A group from the Carolina Forest High School Drama Department never could have rehearsed their thrill from a trip to Scotland that began Tuesday.
The department, led by G. Wayne Canady, department director, will perform “Always ... Patsy Cline” four times this week as part of the American High School Theatre Festival during the Edinburgh Festival Fringe, the largest fine arts festival in the world, which began Friday and goes through Aug. 25.
The tribute to the colossal country songstress, who perished at age 30 in a plane crash in 1963, will take place Tuesday through Wednesday and Friday through Saturday at a theater in a historic church building.
Students performed “Ragtime” and reprised a fall show, “Always ... Patsy Cline,” this past spring in Carolina Forest to raise funds to offset the cost of the excursion to the Scottish capital, on the northern third of the main British island, a culture that gave the world the game of golf and Sean Connery, the first actor to play James Bond.
Canady, a Tabor City, N.C., native who has performed in eight countries, is into his fourth decade as a schoolteacher and 16th year at Carolina Forest. He again will direct the Cline play. He spoke at the end of June, a week before the group flew overseas.
Once we get there, we’ll perform at the the Church Hill Theatre, which was built in the late 1800s. Then, in later years, ... it became a city-owned theater for Edinburgh. Now it is one of the top 10 venues for theater in Edinburgh. ...
We’re very excited. You put in bids for the theater you would like to perform at.
I went there last summer to see what show process are like, what would be expected of us and what is involved in doing the entire process. ...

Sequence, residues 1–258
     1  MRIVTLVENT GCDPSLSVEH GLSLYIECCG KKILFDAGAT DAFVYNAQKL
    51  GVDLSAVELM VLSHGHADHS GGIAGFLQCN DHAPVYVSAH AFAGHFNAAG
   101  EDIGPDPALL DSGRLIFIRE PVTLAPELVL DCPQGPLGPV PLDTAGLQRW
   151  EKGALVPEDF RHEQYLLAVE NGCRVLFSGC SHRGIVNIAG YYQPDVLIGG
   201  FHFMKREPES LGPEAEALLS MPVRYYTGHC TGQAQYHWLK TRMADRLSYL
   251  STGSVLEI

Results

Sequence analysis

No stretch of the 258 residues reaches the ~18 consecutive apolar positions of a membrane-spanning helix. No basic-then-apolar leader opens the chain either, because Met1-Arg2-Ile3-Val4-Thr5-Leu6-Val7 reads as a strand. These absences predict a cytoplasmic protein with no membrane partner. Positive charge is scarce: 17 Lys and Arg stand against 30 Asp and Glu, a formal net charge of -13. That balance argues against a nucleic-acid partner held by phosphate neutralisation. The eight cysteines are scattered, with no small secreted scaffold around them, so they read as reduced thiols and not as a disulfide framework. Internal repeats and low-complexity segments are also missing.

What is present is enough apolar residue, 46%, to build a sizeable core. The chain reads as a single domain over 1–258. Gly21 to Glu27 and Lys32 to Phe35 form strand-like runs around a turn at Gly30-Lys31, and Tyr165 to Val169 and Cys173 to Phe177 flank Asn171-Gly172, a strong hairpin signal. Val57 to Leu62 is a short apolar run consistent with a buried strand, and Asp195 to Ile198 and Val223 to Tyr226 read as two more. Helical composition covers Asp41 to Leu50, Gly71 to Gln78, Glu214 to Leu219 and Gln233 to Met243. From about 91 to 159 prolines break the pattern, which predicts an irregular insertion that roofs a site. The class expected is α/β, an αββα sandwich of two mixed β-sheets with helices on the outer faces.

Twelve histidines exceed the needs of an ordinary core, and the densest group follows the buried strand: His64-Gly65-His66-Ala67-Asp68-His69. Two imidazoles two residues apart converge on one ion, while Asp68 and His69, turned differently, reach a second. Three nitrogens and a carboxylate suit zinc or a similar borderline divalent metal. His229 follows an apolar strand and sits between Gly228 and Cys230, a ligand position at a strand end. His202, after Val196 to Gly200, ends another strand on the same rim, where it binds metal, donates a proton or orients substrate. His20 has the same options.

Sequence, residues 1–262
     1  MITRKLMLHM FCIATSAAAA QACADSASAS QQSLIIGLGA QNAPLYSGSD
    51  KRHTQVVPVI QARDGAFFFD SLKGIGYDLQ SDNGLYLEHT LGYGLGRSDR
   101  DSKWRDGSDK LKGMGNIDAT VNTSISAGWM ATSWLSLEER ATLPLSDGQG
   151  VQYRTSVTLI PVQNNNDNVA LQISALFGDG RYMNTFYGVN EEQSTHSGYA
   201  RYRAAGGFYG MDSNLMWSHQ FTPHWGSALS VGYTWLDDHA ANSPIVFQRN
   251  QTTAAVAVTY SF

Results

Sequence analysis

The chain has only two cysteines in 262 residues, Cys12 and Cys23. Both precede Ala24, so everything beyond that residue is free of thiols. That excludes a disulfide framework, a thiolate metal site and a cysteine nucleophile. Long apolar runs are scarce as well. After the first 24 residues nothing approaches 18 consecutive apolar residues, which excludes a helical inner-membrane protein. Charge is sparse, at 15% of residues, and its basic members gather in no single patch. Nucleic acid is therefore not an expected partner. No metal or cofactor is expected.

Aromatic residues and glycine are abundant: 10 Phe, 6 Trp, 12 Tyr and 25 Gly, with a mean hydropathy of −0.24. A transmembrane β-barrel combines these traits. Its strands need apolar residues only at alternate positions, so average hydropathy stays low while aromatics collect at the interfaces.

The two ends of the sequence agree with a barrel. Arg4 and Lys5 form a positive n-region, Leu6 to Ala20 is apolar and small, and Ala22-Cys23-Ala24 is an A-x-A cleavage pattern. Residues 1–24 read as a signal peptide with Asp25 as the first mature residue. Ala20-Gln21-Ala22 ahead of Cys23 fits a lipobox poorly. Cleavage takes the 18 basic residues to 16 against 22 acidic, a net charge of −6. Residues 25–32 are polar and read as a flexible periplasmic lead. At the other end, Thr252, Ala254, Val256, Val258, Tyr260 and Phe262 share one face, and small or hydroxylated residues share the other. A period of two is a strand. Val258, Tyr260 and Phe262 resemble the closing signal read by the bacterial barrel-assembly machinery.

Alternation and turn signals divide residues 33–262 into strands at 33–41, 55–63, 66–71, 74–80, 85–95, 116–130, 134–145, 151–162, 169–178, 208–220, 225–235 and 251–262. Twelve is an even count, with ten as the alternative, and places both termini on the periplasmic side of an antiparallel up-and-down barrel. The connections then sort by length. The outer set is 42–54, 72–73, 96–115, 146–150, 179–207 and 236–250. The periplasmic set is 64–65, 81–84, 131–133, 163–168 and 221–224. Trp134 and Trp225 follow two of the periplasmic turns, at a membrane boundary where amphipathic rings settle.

Last year, 273 venues were set up across the city. It’s a three-week festival. ... Last year, there were 2,871 shows that were featured out of those ... and 45,464 performances. The ticket sales were 1,943,493 for all of those 273 venues.
When we’re outside, there are lots of people doing the same for their own shows, and while this is going on, the chaperones are talking with guests to get them interested to “come and see our show” — it’s called busking, an old English saying. There’s a sign on one of the trees in “Mary Poppins” that says “No busking.” ... Basically, we’re handing out cards and information about our show. So, we’ll be doing busking, then we’ll do a rehearsal in the Church Hill Theatre. ...
People start buying their tickets for Fringe shows months in advance. I already have been told about our ticket sales. I had this little feeling in my gut, “Oh, my goodness. What would happen if we get there and no one shows up?” So I checked in advance ... and the festival representative said, “Wayne, you have people lined up for all of your shows.”
One of the schools that’s going to the Fringe is the Interlochen Arts Academy from Michigan. Interlochen is considered to be the No. 1 performing arts boarding school in the nation. For us to be chosen in the same ranks as Interlochen is very exciting.
Also, ... I have a former student, Jasmine Johnson, who attends The Juilliard School; she was with us when we did “Cats” in spring 2009. She continued her studies in theater. ... She is one of the students who is doing a joint performance with the Royal Academy of Dramatic Art in London.